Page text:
How can we make a greater contribution in the public square?

Tony Emerson reports from CUSP’s latest event, Nature of Prosperity Dialogue: An Economy that Works for All, and asks how JiE can play a greater role.


The event was quite uplifting to hear the level of agreement expressed by Michel Jacobs (IPPR, and formerly Gordon Brown’s advisor on green economics) and Miatta Fahnbulleh (New Economics Foundation) on the changes of direction needed in economic policy. They described a direction that we would very much agree with

It was also inspiring to hear Clive Lewis, a member of the Labour front bench economics team, say that growth (as currently defined) is not the answer.  A big change in less than five years when Ed Balls and Chuka Umunna lead that team.

The opening address was given by Tim Jackson of CUSP, author of Prosperity without Growth. Tim emphasised the need for the economy to prioritise social and climate justice.  This theme was continued by Kerry Kennedy, daughter of the late Robert Kennedy, former US Attorney General, over here speaking on behalf of RFK Human Rights. Kerry gave a moving account of the experiences of the ‘left behind’ generation in the US, voting for Trump in despair. She challenged all of us to think about how we’re colluding with the creation of the same conditions for people in the UK.

Clive Lewis made the point that UK carbon emissions had actually increased since 1990 when you include UK contributions to air and sea transport, and our excess of imports over exports.  He also emphasised the limitations of GDP as a measure of progress, and argued that the political left needs a new narrative, and new analytical tools.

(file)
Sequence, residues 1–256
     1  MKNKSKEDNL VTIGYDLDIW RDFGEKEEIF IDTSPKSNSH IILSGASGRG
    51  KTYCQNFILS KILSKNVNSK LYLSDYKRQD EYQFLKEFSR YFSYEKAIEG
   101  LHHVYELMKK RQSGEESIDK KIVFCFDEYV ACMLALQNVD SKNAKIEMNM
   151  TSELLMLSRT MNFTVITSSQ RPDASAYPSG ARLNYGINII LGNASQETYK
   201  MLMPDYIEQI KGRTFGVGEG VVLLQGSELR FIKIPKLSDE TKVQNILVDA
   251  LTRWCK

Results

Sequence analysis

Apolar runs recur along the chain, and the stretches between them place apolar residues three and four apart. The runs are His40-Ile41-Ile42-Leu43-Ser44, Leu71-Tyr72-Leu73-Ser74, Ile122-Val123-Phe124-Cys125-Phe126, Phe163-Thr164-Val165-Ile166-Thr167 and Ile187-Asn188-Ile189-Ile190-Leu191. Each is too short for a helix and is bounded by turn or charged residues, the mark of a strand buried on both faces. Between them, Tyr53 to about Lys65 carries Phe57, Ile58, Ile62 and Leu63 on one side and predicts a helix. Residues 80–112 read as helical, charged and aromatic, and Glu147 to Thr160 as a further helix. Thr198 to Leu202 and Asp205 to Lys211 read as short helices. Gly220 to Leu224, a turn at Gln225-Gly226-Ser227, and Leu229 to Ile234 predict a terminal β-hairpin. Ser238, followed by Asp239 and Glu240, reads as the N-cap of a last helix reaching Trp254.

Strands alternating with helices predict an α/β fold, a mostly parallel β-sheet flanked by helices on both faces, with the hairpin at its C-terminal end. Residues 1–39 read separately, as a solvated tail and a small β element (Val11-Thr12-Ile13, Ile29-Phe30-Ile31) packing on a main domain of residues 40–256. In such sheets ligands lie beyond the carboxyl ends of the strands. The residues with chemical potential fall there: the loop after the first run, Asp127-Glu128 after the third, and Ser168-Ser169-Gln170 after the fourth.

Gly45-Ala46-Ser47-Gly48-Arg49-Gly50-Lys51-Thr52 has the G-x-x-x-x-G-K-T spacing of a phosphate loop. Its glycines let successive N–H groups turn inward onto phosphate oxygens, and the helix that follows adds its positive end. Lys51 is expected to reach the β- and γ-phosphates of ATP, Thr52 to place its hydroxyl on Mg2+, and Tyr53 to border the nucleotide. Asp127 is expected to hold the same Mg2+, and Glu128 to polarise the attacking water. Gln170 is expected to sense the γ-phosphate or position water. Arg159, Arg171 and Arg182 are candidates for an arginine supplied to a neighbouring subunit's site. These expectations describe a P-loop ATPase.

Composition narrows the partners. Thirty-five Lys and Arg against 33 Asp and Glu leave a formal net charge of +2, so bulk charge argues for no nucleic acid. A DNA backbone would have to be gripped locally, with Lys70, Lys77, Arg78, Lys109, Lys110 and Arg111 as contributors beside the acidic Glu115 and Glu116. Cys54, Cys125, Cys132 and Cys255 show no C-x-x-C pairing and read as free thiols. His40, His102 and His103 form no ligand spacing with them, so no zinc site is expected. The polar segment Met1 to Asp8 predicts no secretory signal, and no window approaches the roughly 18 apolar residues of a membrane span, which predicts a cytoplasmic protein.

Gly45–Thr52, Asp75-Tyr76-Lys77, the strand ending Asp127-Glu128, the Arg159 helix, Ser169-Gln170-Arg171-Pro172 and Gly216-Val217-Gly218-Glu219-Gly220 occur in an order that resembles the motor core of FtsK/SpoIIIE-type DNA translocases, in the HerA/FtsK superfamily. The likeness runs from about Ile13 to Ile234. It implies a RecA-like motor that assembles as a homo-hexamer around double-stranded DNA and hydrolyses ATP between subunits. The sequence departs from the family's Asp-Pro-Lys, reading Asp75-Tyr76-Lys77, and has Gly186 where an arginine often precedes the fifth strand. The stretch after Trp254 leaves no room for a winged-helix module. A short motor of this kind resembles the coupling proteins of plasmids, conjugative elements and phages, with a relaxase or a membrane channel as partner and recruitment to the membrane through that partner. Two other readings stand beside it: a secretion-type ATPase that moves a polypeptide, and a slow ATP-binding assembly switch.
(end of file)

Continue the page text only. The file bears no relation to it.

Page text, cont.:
Michael Jacobs outlined some of the main recommendations of the recent IPPR Commission on Economic Justice report.  I’d very much recommend reading of the executive summary of this report for the detailed recommendations on tackling gross inequality and climate breakdown, of reforming company law, etc. It’s also notable for the range of people who participated in this commission: including the Archbishop of Canterbury, the Global Managing Partner, McKinsey and Company, the General Secretary of the TUC, the Chief Executive, Manchester Airports Group plc, and the Shadow Chancellor.  Miatta Fahnbulleh outlined the six systemic changes that required over the next decade to create the stepping stones for a new economy.

Both Michael and Miatta emphasised the need for building the widest possible consensus.  There is an appetite across the political spectrum for developing a new understanding of social well-being, and new indicators are being developed.  It’s not just a question of being ‘anti-growth’ – reducing GDP would not necessarily lead to greater sustainability, Michael Jacobs added.  There is widespread disquiet about the gross imbalance of wealth and power in society, and with the direction of the current economic and business models.

Finally, the day was rounded off with an address by CUSP patron, Rowan Williams.  This will shortly be available on the CUSP website.

Returning to the question which I headed this report: What more can we be doing in getting the Christian voice heard in support of CUSP, NEF and IPPR in their quest for much greater equality, for ensuring that economy activity does not violate planetary boundaries, radical reform of company law and of the monetary system, etc?  I had a very helpful meeting last month with Louise Davies the new director of Christians on the Left.  She believes that the network Christians in Politics might be very interested in hearing ideas from us, and organising something jointly with us, and with the Conservative Christians Fellowship, the Lib Dem Christian Forum and Christians on the Left.

But what?  Your ideas please.  My suggestion as a starter: a conference ‘Making Laudato Si a reality in the UK in the 2020s’?  But you can come up with a better means of getting our voice heard in the public square!

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